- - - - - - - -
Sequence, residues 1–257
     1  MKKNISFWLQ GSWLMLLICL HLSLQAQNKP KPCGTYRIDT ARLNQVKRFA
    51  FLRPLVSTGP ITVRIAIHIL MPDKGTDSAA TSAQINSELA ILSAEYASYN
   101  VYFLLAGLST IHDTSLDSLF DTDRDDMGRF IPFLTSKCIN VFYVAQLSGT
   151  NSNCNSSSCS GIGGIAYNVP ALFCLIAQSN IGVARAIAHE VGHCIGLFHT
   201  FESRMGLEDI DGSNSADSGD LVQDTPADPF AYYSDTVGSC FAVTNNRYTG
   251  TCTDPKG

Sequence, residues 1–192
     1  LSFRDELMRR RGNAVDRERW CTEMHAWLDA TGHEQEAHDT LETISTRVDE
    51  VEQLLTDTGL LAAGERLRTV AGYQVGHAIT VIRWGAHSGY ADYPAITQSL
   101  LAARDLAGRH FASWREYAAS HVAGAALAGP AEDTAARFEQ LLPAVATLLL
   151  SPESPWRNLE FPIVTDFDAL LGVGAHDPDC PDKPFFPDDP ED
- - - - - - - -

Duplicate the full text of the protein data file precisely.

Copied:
Sequence, residues 1–257
     1  MKKNISFWLQ GSWLMLLICL HLSLQAQNKP KPCGTYRIDT ARLNQVKRFA
    51  FLRPLVSTGP ITVRIAIHIL MPDKGTDSAA TSAQINSELA ILSAEYASYN
   101  VYFLLAGLST IHDTSLDSLF DTDRDDMGRF IPFLTSKCIN VFYVAQLSGT
   151  NSNCNSSSCS GIGGIAYNVP ALFCLIAQSN IGVARAIAHE VGHCIGLFHT
   201  FESRMGLEDI DGSNSADSGD LVQDTPADPF AYYSDTVGSC FAVTNNRYTG
   251  TCTDPKG

Sequence, residues 1–192
     1  LSFRDELMRR RGNAVDRERW CTEMHAWLDA TGHEQEAHDT LETISTRVDE
    51  VEQLLTDTGL LAAGERLRTV AGYQVGHAIT VIRWGAHSGY ADYPAITQSL
   101  LAARDLAGRH FASWREYAAS HVAGAALAGP AEDTAARFEQ LLPAVATLLL
   151  SPESPWRNLE FPIVTDFDAL LGVGAHDPDC PDKPFFPDDP ED